Q Dear Miss Abigail:
I am in love with my P.E. teacher. What do I do? I mean I look into his eyes and he kind of looks into mine. To me he would stop traffic.
A Dear Lovey:
He can stop all the traffic he wants, but unfortunately he’s out of bounds for you, as this 1956 excerpt from Evelyn Millis Duvall’s Facts of Life and Love for Teen-agers explains. Never fear, Lovey dear, though you may be heartbroken and confused today, it will all work out in the end. I mean, you can always look into someone else’s eyes, right?
1956: Love Under a Cloud
One of the most difficult things that may happen while growing up is to find oneself in love with someone with whom one should not be. It is hard to understand and deal with in itself, and it is made more difficult by not being able to talk about it freely and easily. Other troubles tend to evaporate when we discuss them. Love out of bounds is love under a cloud. It often hurts inside us because it is not fully understood and it is hard to handle it comfortably. . . .
Crushes on Older Persons
Gertrude was ‘crazy’ about her history teacher. She lived for the hour that she spent in that one teacher’s class. She copied the way she did her hair. She spent all her allowance one Friday on red roses which she put on the teacher’s desk with a note that read,’With all my love, Gertrude.’ When it was time for school to close in June, Gertrude wept at having to be separated from her beloved teacher through the summer months. Her love for her history teacher was no less real because her folks scoffed at it as a schoolgirl crush.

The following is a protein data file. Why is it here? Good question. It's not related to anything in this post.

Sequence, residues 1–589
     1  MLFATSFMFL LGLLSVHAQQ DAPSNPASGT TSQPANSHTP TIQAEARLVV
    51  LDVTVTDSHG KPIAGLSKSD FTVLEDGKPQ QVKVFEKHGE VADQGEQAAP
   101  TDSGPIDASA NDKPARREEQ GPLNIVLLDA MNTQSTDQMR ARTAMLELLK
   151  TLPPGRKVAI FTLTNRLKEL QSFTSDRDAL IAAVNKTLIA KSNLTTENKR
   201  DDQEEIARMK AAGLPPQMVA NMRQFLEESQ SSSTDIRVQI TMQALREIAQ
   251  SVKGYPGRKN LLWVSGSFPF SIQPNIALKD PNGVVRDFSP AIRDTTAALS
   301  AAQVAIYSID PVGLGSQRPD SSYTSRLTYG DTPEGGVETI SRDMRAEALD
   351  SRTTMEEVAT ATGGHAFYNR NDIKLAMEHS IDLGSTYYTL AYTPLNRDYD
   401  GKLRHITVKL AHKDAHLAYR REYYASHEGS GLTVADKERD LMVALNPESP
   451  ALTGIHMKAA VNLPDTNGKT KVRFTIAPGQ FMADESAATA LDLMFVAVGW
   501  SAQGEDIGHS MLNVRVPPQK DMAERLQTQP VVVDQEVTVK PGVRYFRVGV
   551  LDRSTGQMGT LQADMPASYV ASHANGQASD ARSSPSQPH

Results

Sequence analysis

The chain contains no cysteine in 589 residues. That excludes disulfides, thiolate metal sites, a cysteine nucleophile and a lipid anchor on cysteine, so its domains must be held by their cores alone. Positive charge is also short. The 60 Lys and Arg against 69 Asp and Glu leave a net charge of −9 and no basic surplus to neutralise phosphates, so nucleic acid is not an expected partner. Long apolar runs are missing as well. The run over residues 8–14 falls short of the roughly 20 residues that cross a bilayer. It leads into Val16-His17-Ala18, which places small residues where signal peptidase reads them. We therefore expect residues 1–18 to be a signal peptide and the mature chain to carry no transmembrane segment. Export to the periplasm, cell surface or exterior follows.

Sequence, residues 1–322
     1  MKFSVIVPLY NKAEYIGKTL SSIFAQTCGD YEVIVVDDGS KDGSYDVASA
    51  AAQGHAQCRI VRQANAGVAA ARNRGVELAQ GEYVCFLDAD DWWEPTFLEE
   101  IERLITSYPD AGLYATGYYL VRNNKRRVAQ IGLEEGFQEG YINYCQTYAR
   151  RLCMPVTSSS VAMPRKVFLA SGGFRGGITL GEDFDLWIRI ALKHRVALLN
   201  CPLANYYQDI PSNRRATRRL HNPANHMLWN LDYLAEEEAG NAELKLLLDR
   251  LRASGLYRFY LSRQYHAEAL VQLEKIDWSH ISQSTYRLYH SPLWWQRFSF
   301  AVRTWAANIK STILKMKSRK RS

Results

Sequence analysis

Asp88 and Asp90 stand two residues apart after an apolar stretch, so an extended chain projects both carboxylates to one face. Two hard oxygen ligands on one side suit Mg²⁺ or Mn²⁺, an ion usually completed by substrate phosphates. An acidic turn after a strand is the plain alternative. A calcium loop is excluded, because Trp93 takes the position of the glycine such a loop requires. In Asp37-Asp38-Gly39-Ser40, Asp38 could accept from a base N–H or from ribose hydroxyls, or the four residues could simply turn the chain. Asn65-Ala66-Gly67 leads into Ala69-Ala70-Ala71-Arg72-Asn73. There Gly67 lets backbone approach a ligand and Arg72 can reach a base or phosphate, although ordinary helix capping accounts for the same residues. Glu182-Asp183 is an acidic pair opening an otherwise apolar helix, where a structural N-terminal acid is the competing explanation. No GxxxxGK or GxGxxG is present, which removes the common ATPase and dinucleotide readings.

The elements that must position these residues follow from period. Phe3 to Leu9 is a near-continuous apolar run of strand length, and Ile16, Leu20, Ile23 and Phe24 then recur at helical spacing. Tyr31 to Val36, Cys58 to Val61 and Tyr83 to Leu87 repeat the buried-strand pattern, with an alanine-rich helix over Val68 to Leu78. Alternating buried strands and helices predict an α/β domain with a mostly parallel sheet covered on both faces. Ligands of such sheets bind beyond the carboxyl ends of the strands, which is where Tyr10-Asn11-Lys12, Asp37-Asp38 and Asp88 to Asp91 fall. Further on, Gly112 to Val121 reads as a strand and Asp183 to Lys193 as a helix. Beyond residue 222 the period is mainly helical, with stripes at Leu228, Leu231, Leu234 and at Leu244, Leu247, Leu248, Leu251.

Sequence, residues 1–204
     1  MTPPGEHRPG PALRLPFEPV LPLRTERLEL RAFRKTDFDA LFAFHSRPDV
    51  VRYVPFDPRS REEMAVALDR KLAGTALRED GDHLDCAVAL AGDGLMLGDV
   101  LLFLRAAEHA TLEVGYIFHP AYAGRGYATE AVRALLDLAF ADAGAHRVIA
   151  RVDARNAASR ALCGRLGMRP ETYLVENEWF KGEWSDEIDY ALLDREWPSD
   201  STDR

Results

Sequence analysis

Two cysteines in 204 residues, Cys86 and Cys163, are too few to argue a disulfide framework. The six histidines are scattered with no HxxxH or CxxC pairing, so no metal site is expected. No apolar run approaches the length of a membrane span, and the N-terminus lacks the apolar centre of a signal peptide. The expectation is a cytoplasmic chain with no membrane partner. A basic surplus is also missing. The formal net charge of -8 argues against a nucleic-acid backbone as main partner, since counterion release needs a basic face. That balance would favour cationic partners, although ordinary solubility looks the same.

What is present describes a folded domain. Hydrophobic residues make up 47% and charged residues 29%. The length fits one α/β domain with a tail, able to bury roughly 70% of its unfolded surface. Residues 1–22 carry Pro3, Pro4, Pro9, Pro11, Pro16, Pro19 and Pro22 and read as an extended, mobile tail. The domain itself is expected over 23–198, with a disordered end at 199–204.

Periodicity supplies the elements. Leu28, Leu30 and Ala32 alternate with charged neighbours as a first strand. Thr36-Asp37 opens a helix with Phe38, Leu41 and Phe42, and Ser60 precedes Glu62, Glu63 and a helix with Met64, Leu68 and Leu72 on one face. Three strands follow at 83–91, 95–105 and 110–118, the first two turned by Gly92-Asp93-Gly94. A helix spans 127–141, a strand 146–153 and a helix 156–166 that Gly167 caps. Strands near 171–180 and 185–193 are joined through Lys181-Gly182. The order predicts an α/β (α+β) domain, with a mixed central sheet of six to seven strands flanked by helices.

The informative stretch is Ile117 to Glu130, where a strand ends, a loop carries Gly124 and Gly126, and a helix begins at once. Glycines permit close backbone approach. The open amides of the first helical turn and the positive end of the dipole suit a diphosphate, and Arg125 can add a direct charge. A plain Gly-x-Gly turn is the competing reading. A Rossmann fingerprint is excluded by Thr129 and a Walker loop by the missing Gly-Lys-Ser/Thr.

Harry worshiped the coach. He hung on every word and carried out every little suggestion the coach made with zealous devotion. He slipped into the gym early in the morning to get out the equipment for the coach. One day when the coach threw his arm over Harry’s shoulder in a gesture of friendly companionship, Harry felt himself shiver all over. Was Harry ‘in love with’ the coach? Well, we do not call it that, do we? We feel that sometimes there is something not quite right in a boy’s being fond of an older man that way. And yet this is one stage of development that many boys like Harry go through.
It is as though young people getting into their early teens replace the close childhood love they have had for their parents with an even more intense feeling for some older person who for a while has the place of the parent, emotionally. This quite commonplace phase of growing up is something to become concerned about only when it persists for a long time and is not replaced by other types of affection. While it lasts it is a very precious kind of devotion, and not to be laughed at or ashamed of.
Source: Duvall, Evelyn Millis. Facts of Life and Love for Teen-Agers. New York: Association Press, 1956.
~ pp. 311-12, 313-14 ~